MIDNIGHT STREET #9

Reviewed by Catherine Davis

Midnight Street is a professional looking A4 magazine with colour illustrations on front and back covers. There are ten stories, varied in style and content, but all dark.

The cover story, Mark Howard Jones' The Ice Horse has an enigmatic feel to it. A man imprisoned for unknown reasons in an ice sculpture of a horse searches desperately for an escape while haunted by visions of his family. The story is strongly atmospheric; I felt the cold throughout and the tension held me through the narrator's gradual deterioration.

There is desperation also in Chris Ward's Shoplifting. Cain, a repulsively well-drawn character, has stolen something from a department store and is now unable to leave until he can work out what. It is the strength of the character that carries the story as the plot feels a little vague, yet it comes smoothly to its conclusion with dark humour.

There's Something in Autumn Palms Lake by Ken Goldman is about a girl who accidentally gains a pet alligator. It follows Allison and her pet, Betty, as they grow up, and Betty's release into a lake. Themes of guilt and secrets are explored, and the horror is very subtle. However it walks a fine line between being a story and simply a series of events.

Peter Straub's Lapland, or Film Noir is unusual. Written as an article about a town, Lapland, with titled sections, it is difficult to find the story, especially as there are gaps in the text filled in with ellipses. After several readings I still do not fully understand the story. Perhaps it works better for fans of film noir.

In contrast, Allen Ashley's And I, The Footman is an easy read. Three friends return to the house where one of the men's girlfriends committed suicide ten years ago and find themselves visited by a ghostly woman in their beds. Although there are moments where my belief sagged, the men's casual acceptance of the ghost, for example, the narrator is likeable enough to carry the story as it touches on issues such as betrayal and nostalgia, and questions whether it is ghosts we should fear.

Bliss by Peter Loftus is set in an Ireland plagued by a fatal flu. Immune Aidan has been caring for his partner, Barry, but they have both had enough. The story follows Aidan as he acquires bliss, a drug that allows you to die in absolute happiness. Mostly the story and its ideas work well, but I felt let down by its passive ending.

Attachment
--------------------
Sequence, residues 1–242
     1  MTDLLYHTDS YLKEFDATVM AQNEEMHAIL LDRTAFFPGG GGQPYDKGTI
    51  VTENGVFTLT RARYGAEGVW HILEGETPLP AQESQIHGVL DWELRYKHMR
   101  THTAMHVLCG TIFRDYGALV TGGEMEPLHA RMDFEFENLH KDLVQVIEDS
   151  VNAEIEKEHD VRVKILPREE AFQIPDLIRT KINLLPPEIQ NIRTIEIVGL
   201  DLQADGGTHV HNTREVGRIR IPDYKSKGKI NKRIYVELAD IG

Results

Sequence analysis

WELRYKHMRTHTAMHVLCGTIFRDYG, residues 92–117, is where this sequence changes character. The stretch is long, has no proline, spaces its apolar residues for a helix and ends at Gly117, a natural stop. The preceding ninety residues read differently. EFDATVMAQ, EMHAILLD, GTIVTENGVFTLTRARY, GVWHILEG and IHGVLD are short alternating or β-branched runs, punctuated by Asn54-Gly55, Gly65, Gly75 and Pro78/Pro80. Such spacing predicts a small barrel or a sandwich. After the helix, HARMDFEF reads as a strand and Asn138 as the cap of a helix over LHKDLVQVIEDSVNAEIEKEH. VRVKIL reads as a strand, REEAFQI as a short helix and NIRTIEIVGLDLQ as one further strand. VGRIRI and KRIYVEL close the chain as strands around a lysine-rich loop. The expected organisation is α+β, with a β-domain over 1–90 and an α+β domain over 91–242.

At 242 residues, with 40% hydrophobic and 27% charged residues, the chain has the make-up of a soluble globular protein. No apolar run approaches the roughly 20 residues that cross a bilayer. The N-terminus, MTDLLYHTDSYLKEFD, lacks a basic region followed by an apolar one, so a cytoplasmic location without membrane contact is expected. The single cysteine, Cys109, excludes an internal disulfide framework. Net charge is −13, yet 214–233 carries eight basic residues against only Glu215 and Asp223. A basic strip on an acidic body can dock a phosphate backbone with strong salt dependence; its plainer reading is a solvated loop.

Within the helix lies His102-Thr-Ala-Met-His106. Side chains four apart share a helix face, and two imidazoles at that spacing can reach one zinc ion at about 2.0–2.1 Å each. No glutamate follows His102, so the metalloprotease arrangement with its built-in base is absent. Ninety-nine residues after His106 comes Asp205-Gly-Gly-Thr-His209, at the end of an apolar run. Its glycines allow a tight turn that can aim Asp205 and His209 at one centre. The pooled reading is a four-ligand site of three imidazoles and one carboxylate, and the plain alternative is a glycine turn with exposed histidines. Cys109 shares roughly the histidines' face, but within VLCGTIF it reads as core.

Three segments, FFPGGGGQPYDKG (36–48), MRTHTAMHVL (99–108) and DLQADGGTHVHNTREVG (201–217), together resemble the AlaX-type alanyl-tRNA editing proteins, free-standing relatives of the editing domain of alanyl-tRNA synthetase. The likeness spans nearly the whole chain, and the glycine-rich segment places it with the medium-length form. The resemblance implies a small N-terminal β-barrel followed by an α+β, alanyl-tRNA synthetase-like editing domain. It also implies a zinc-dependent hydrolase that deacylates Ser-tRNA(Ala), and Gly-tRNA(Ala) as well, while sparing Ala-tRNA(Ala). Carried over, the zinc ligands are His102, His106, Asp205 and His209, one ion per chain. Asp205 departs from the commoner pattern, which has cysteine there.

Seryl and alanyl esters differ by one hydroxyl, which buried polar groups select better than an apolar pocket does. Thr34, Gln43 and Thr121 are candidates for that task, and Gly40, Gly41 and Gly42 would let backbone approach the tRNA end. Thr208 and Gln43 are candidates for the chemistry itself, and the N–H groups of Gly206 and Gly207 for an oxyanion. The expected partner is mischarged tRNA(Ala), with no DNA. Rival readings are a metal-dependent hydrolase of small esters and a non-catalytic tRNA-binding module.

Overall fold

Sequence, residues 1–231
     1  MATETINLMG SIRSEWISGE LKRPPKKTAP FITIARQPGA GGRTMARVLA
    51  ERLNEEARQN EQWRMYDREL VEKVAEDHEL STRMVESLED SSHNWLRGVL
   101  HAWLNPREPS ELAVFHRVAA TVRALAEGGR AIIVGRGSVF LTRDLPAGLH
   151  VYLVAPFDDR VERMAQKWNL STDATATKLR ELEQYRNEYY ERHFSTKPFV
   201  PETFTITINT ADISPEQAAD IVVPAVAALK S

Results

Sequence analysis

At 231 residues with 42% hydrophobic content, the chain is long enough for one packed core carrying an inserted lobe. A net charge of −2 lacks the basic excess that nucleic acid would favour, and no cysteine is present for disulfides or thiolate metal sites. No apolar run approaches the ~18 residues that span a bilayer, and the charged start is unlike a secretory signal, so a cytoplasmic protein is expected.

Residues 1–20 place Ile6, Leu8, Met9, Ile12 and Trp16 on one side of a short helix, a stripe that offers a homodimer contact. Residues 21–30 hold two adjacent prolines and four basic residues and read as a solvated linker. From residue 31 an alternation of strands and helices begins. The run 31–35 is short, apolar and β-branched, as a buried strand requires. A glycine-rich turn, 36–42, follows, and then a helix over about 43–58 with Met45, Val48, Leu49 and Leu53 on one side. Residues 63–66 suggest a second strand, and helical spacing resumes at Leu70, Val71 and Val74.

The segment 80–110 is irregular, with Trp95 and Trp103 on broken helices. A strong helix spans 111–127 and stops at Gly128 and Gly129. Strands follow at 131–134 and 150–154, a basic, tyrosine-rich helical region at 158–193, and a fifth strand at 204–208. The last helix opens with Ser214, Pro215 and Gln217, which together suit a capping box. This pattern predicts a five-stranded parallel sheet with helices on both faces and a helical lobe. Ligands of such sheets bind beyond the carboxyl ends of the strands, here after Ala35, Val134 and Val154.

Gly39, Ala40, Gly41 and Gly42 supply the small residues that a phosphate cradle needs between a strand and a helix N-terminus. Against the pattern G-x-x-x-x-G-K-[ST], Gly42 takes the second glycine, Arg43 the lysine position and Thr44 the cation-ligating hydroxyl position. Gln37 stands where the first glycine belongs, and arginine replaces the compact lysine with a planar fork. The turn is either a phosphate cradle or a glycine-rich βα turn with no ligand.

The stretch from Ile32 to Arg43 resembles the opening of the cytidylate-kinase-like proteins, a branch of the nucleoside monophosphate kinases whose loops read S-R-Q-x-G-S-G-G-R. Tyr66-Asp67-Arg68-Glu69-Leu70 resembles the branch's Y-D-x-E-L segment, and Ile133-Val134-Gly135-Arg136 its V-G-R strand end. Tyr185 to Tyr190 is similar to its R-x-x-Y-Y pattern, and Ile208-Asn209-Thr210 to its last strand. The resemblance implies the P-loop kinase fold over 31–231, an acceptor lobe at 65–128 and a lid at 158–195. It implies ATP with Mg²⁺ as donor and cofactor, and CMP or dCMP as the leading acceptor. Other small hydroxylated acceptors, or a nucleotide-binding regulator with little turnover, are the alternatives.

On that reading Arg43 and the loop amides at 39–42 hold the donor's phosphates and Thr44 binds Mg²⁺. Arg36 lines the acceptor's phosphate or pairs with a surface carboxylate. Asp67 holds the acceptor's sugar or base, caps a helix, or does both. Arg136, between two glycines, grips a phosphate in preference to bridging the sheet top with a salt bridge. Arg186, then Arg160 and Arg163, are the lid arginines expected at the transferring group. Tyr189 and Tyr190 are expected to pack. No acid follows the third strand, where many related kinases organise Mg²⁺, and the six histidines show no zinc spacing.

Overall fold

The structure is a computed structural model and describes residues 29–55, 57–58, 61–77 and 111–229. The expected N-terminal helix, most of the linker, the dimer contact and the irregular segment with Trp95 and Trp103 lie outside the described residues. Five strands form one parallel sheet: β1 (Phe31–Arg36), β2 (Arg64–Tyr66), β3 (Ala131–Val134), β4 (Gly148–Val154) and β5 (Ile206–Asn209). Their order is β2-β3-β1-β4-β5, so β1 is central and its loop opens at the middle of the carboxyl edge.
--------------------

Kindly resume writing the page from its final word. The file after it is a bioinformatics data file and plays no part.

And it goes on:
In Sharon Bidwell's Degrees of Sickness a dying woman remembers snatches of her troubled life. The story feels unfocussed, unsure of the narrator's character. This may have been Bidwell's intention, but for me it didn't quite come together as a coherent whole.

The Flowers of Edo by John Paul Catton is a ghost story set in Tokyo that suggests the bombings of World War II still echo today. It begins with a group of children playing in 1945, then moves back and forth in time between this and a present day building site. The 1945 scenes are the most emotive and gripping, and in contrast to this the building site story does not quite have enough tension or urgency to really come alive.

In Roz Southey's Spin-Off Merchandise fashion and plastic surgery have been taken to their extreme, with everyone desperate to get the latest face. Brea and Andy have become outcasts simply by keeping their own faces. Now Andy has been kidnapped and Brea is looking for information of his whereabouts. The story is full of ideas, clones, the Others, participation programmes, and this makes it confusing and hard to follow at times, as well as giving the story an unfocussed feel.

If you are eating while reading Midnight Street it is probably best to stop when you get to Donna Taylor Burgess' Dreams of Elvis. Morbidly obese Beulah is stuck, unable to move, in her bathroom with her hungry cats while her Elvis CD plays on repeat. This is a naturalistic horror story that is very much character driven, and while Beulah isn't quite sympathetic, she remains believable as she becomes more desperate and her hallucinations grow stronger.

Also in Midnight Street #9 are poems by Geoff Stevens and Steve Urwin, interviews with Peter Straub, Sarah Pinborough and Donna Taylor-Burgess and articles and reviews.

Midnight Street edited by Trevor Denyer, 7 Mount View, Church Lane West, Aldershot, Hampshire, GU11 3LN, England. A4, 56pp, £3.50/$10US or £9.50 for 3 issues/ $28US All cheques etc payable to “T. DENYER” (online purchase details, including other countries, can be found at the website).

Website: - www.midnightstreet.co.uk


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